Water has become the latest weapon in Isis’ arsenal, after militants closed the gates of a dam in western Iraq - allowing them easier access to government forces.
In a move that could expose residents in southern provinces to drought, Isis fighters have redirected the flow of the Euphrates River, to give them better access to government fighters on the southern bank, according to local officials.
The Euphrates has acted as a geographical barrier between Isis fighters who have seized the river’s northern bank, and pro-government forces who are attempting to move closer to Ramadi from the other side.
Isis fighters recently claimed Ramadi, which is the capital of Anbar province, as part of their so-called Islamic State.
A spokesman for the governor of Anbar province said security forces would now have to regroup along the river to stop the insurgents from infiltrating.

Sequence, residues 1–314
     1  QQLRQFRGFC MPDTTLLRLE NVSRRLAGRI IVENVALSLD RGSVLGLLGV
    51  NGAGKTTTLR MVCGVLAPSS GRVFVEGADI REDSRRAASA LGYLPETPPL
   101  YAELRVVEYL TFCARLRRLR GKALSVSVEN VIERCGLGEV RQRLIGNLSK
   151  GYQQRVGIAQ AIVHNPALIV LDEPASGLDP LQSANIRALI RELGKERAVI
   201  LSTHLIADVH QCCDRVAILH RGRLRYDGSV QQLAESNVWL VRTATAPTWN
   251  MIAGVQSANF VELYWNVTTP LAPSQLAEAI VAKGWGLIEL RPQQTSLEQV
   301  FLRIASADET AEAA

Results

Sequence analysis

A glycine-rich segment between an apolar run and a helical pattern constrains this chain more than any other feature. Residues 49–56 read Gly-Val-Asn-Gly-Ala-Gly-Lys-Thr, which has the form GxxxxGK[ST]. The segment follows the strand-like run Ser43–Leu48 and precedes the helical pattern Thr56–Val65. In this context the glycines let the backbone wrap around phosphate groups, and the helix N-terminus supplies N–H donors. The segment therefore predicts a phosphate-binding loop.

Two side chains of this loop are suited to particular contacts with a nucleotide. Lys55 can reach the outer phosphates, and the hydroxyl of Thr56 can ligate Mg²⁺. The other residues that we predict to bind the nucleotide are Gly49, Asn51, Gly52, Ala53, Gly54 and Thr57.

“Previously they had to monitor only the bridges and certain areas, but now all of the river will be crossable,” Hikmat Suleiman told Reuters.
By partially closing the dam, the fighters have forced water into a tributary running south to the Habbaniya lake, officials said.
However, the insurgents have left two of the dam’s gates open, in an apparent effort to stop areas under their control from flooding, residents of Ramadi and a local irrigation official told Reuters.
Falih al-Essawi, a senior provincial security official, said the government had opened another dam to channel water from the Habbaniya Lake back into the Euphrates and prevent shortages in the southern provinces.
However, he warned that the measure would only work for three days.
“The government must act immediately otherwise dire consequences and an environmental catastrophe will be inevitable,” he said.
Isis fighters are harnessing the tactic after they seized Mosul dam in northern Iraq last summer, and threatened to immerse Baghdad in water before Kurdish forces and a US-led coalition drove them away from the city.
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